Chroma Polaris Membrane Panel ReplacementBy Paul DeRocco [300001++] email@example.com
©2012 Paul D. DeRocco
All rights reserved
Reproduced with permission
This describes the replacement of the Chroma Polaris membrane switch assemblies. The process is not terribly difficult, but great care should be taken, because the adhesives are quite sticky, and if the panels are accidentally misaligned, it is unlikely that they can be lifted and realigned without damaging them. We cannot be responsible for your installation errors, so get it right the first time.
See also Syntegrator's Chroma Polaris Returns! videos on YouTube.
You will need enough space to lay the Polaris out, on a sturdy table or bench surface. For these photographs, we used a coffee table protected by an old heavy blanket. You will also need good light, and for cleaning the old adhesive residue, good ventilation. You will also need a few tools and materials:
1. Equipment and materials needed
- A medium sized Phillips screwdriver for removing the Polaris panel and the circuit boards.
- A large flat screwdriver for removing the two captive bolts that hold the panel down from underneath.
- Some small needlenose pliers.
- Perhaps some pointy tweezers. You may be able to do without.
- A 9/32” nutdriver for removing the nut that holds the ground lead to the panel. A pair of pliers can be used in a pinch.
- A small brush (perhaps a toothbrush) for cleaning out the holes and slots in the panel. A Q-tip would probably work fine, too.
- Some xylene based solvent for cleaning the silicone adhesive residue off the panel. We’ve successfully used Xylol and Goof-Off.
- Some paper towels.
- Some masking tape, preferably the blue temporary kind. You should be able to reuse the pieces of masking tape that were used to hold the panels to the hardboard packing material.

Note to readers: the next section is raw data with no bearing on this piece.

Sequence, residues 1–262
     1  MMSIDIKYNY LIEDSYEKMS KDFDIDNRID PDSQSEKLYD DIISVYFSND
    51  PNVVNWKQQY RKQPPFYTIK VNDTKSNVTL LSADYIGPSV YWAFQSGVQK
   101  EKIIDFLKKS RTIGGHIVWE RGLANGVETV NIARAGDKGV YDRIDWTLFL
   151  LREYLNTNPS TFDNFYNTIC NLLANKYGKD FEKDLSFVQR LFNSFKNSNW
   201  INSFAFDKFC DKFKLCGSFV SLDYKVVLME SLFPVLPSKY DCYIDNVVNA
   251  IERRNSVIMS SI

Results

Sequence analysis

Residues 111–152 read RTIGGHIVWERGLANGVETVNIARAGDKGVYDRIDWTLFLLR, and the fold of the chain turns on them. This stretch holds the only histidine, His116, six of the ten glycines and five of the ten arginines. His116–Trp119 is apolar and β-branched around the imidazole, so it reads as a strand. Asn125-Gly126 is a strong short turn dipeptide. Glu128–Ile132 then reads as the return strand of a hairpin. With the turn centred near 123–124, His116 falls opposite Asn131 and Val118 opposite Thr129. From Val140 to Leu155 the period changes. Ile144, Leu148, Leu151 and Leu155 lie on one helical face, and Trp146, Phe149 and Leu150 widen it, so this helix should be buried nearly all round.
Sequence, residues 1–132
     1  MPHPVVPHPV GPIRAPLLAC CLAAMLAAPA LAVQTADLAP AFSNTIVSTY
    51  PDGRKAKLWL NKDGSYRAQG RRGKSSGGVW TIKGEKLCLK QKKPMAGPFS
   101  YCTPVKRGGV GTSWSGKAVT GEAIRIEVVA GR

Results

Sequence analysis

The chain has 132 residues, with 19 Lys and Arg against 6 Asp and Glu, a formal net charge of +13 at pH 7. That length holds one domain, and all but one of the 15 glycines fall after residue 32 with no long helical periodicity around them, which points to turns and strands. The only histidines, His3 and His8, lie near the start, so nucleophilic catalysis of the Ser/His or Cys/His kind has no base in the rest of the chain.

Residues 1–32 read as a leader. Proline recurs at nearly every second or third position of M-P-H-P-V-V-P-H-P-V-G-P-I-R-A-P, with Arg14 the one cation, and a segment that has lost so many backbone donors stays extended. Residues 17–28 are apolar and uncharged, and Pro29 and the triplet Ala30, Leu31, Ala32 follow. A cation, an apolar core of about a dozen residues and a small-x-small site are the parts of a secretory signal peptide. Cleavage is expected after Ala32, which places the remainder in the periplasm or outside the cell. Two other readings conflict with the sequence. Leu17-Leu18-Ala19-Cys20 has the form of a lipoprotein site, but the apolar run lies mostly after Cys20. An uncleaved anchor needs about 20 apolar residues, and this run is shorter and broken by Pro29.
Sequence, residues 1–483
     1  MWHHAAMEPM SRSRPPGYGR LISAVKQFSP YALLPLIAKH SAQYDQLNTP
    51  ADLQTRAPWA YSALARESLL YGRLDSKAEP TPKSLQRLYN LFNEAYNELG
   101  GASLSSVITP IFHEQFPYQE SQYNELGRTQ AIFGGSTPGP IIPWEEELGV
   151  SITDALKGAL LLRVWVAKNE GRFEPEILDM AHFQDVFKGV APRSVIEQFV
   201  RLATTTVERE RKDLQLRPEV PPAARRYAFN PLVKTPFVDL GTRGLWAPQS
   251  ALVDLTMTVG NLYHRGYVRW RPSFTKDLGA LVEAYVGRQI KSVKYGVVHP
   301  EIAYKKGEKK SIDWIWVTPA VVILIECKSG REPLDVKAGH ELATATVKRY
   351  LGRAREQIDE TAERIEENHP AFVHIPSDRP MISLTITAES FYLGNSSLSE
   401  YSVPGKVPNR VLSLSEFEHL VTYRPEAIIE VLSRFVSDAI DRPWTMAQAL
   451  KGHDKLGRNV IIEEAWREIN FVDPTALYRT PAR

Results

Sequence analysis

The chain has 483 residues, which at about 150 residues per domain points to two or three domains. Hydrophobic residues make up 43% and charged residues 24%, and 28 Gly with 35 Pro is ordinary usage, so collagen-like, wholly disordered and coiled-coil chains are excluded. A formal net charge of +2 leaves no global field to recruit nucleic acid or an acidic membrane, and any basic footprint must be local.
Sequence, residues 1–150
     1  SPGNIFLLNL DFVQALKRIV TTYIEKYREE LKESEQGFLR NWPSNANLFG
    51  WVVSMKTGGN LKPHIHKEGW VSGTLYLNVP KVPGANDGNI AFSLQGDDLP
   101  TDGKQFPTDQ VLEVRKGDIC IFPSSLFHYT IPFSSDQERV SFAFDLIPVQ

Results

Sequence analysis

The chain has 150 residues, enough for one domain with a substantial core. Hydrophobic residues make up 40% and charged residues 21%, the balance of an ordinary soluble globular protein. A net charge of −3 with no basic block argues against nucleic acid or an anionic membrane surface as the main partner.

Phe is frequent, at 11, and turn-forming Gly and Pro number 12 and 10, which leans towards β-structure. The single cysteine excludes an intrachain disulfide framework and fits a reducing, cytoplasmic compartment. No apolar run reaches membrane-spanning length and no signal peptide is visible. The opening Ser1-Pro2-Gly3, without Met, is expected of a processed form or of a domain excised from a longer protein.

- A small container to keep the screws and knobs in, so they don’t get lost.
2. Lay out the Polaris on the work surface
Don’t plug it in.
3. Remove all the slider knobs
These just pull off.
4. Loosen the panel hold-down bolts
These are the two large flat-head bolts on the bottom of the instrument, one at each end. They need only be loosened until they disengage from the threaded bracket inside; they don’t need to be removed completely.
5. Unscrew the panel along its back edge, and lay the panel out.
It is not necessary to unplug any of the internal cables.
6. Unscrew the panel boards
A couple of the screws on the left panel board hold down clips that hold wires together. These screws are likely to be longer than the rest, so remember which ones they are.
7. Remove the left panel board
Lay it carefully on top of the rest of the Polaris. (This is why you don’t want the unit plugged in.)
8. Unplug the membrane panel tails
Pull these out by hand. If they break off, which is likely, it may be necessary to pull a fragment out of the connector, which you can do with the needlenose pliers, or with tweezers.
9. Remove the right panel board
Lay it carefully on top of the rest of the Polaris.
10. Disconnect the ground wire
Undo the nut holding the ground wire to the panel. At this point, the panel is now free. If you wish, you can move the rest of the Polaris somewhere else, since you’ll only be working on the panel.
11. Remove the plastic molding strips
Note that the molding snaps into place through slots in the panel. If you merely try to pull the strips off, you’ll likely break the bifurcated tongues that snap into the slots. The correct technique is to turn the panel over, gently pull the strip away from the panel with one hand, and pinch the two halves of the tongues together with pliers until they fit through the hole.
You can see that we used some angled needlenose pliers, but the job can be done with straight ones, albeit with a little more difficulty.
Once the molding has been removed, turn the panel face up, and note how the edges of the panel line up with the molding slots.
12. Pry up the corner of one of the membrane panels
You can use the flat screwdriver, or the needlenose pliers, or anything else handy. We used a putty knife.
Grab the panel with the pliers, and pull like hell until it comes off.
You can now break out the Champagne, and celebrate as you throw the old panels away!
13. Clean the panel